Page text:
Nelson to Punakaiki
Spectacular scenic roads lead from Nelson and into the mountains, where rainforest thickens around you. The adventurous may wish to take a rafting trip on the mighty Buller, where grade 3-4 rapids can be expected. Pass through the town of Westport, and stop by for a walk at Cape Foulwind to view the seal colony. Continue to the beautiful pancake rocks of Punakaiki. You can take these in with a leisurely stroll from the roadside. Those wanting a little more can go horseriding on the beach and view this great natural attraction from another angle, while taking in much more of Punakaiki’s wonderful scenery. Nature enthusiasts may wish to take an expert guided tour of the local flora and fauna.
Punakaiki to Franz Josef
From Punakaiki, make the drive south, past Greymouth to the coastal town of Hokitika. Here, you’ll find loads of pounamu (greenstone) and craft shops – along with plenty of places to eat whitebait, the tiny fish for which this area is justly renowned. Continue south to Franz Josef Glacier. Combine a glacier hike with a heli flight, or take a scenic flight above it all. Alternatively, head out for a kayak trip on Lake Mapourika.
Franz Josef to Queenstown
Today’s spectacular route leads from the dramatic green wilderness of the West Coast to the drier climate that pervades on the east side of the New Zealand Alps. Head south down the coast to the Department of Conservation Visitor Centre at Haast, then turn inland toward the mountains, following the winding Haast Pass Highway as it weaves up a narrow valley between towering mountains. Thundering roadside waterfalls line the route, and you’ll also find the striking and vivid Blue Pools a pleasant 30 minute walk from the roadside. Continue past Lake Wanaka and Lake Hawea, passing the charming lakeside town of Wanaka before finally arriving at New Zealand’s adventure capital, Queenstown.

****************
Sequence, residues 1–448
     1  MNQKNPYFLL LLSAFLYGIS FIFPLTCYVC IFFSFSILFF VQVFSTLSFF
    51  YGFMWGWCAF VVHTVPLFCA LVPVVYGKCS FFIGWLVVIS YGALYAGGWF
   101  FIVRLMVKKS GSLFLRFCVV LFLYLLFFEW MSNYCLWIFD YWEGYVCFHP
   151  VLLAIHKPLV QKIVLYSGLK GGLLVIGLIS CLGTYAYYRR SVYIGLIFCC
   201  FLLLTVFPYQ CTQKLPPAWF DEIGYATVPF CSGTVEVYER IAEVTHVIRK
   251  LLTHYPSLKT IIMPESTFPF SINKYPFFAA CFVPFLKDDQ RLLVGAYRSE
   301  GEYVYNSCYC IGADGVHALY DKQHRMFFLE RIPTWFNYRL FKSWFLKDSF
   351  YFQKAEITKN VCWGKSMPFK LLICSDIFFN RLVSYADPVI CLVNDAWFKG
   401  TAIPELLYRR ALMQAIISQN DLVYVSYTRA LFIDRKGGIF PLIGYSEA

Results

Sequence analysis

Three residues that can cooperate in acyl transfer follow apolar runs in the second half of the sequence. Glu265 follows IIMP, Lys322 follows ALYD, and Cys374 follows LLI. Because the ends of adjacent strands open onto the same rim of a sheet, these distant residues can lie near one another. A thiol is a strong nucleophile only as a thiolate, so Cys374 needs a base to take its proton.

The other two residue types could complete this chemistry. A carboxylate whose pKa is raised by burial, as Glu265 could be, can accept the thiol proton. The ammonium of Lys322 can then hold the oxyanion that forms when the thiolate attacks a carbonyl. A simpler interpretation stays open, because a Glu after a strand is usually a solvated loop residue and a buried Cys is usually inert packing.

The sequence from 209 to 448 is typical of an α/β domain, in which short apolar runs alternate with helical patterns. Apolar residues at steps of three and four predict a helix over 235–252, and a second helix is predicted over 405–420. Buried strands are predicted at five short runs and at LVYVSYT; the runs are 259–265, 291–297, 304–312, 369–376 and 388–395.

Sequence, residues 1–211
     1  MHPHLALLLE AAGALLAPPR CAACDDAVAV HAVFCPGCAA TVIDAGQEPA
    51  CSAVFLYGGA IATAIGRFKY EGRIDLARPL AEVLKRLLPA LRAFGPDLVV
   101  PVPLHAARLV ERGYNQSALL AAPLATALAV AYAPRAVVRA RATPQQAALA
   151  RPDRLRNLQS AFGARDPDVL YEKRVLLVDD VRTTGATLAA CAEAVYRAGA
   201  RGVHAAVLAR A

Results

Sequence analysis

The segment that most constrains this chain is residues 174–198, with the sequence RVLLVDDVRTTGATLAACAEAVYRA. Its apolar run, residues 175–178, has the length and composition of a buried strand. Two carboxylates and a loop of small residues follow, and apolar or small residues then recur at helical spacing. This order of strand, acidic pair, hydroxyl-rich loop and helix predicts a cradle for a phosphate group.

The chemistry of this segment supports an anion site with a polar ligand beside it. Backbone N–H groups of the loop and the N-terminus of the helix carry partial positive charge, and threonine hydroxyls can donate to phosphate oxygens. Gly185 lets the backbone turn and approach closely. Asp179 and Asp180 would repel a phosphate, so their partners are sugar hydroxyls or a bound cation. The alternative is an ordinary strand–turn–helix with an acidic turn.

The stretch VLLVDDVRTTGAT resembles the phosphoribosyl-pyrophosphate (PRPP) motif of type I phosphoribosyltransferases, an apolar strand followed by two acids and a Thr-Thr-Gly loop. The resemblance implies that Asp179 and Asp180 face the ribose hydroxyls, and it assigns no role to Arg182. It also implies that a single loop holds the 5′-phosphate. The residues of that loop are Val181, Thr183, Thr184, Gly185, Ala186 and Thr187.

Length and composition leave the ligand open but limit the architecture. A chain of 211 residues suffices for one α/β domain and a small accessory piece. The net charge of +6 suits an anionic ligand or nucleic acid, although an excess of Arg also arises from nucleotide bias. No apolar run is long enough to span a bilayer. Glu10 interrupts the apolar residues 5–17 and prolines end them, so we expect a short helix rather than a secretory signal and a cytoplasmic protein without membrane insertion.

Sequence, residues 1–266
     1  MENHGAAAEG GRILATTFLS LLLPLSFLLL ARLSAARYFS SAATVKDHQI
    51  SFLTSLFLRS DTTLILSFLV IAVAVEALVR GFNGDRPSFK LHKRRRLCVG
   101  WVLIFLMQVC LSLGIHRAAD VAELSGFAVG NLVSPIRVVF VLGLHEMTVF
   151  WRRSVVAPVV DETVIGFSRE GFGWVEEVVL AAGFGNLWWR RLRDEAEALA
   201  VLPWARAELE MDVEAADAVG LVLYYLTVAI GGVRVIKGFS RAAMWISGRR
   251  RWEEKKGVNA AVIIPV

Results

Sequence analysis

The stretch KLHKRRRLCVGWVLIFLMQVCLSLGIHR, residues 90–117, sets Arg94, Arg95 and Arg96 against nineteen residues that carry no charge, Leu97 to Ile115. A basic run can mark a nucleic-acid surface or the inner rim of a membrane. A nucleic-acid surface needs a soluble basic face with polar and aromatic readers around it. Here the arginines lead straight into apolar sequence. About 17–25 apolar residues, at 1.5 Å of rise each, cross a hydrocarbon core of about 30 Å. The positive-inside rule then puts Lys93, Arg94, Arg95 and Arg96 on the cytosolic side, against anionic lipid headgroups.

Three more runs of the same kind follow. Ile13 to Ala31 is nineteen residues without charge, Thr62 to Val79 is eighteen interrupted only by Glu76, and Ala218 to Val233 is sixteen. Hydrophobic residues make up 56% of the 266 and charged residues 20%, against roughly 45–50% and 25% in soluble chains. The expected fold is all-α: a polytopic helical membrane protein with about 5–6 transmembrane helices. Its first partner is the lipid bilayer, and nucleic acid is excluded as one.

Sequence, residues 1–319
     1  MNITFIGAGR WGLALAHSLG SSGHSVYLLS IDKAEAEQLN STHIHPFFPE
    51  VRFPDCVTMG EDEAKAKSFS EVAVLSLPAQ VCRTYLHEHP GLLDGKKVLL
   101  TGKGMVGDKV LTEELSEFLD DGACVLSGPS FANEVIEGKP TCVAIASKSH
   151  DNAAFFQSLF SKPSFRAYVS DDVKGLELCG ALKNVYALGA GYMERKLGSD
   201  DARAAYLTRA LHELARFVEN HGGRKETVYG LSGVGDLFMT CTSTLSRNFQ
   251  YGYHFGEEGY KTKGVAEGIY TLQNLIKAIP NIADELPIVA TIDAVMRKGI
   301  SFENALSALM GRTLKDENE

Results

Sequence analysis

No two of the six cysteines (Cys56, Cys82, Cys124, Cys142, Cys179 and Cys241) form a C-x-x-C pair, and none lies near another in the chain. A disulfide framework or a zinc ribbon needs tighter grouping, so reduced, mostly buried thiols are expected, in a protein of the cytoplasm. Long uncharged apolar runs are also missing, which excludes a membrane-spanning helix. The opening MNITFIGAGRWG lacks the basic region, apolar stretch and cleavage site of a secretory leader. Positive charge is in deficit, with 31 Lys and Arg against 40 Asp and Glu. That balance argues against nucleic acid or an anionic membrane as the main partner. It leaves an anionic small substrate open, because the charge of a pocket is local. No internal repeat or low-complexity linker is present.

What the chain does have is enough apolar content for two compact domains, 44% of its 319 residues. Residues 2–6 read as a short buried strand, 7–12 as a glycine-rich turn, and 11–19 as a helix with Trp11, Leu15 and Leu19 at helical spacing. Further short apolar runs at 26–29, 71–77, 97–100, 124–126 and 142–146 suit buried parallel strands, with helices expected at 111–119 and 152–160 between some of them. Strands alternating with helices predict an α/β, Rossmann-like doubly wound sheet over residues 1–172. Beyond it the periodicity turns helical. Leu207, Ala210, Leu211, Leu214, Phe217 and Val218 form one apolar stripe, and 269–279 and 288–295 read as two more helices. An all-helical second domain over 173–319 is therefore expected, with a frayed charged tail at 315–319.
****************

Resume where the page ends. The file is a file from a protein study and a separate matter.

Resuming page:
Get caught up in the many things that Queenstown has to offer. From bungy to canyoning to jetboating to skydiving, there is plenty for the adventurer, as well as no shortage of things to do for the more easy-going traveller as well. Great all-day activities include a trip up to Glenorchy for the Fun Yak Safari. Milford Sound is just a short flight away.
Queenstown to Milford Sound to Te Anau
Travel from Queenstown to Te Anau, starting out with the scenic drive down the edge Lake Wakatipu past Kingston. From Te Anau, continue on the stunning route through giant glacier carved valleys to the postcard perfect Milford Sound, a true highlight among New Zealand’s stunning natural attractions. Be awed and energised by the scenic perfection of the marvellous vistas here, particularly of Mitre Peak, which soars straight from the sea like a jagged tooth. You may wish to take a scenic cruise to get a more intimate perspective on this stunning fiord. In the afternoon, return to Te Anau.
Te Anau to Dunedin
Depart the mountain scenery of Te Anau, travelling through rolling green southern farmland to the fine city of Dunedin. Explore the Otago Peninsula, at the tip of which you’ll find the renowned Albatross Colony. Dunedin is now best known as a university town, but historically was the most prosperous city in New Zealand. Take in some of that history at Larnach Castle. The city is one of definite Scottish influence – view the Robert Burns statue at the Octagon. Check out the historic railway station, said to be the most photographed building in the country.
Dunedin and Otago Peninsula
Explore the abundant wildlife on the Otago Peninsula. At the farthest point on the peninsula is the renowned Albatross Colony. Fur seals, sea lions and penguins can also be found on the peninsula (tour suggested). Historic Larnach Castle & Gardens is another exceptional stop on the route. Dunedin is now best known as a university town, but historically was the most prosperous city in New Zealand. The city is one of definite Scottish influence – view the Robert Burns statue at the Octagon. Also check out the historic railway station, said to be the most photographed building in the country. The Registry Building on the University of Otago campus is another frequently photographed attraction.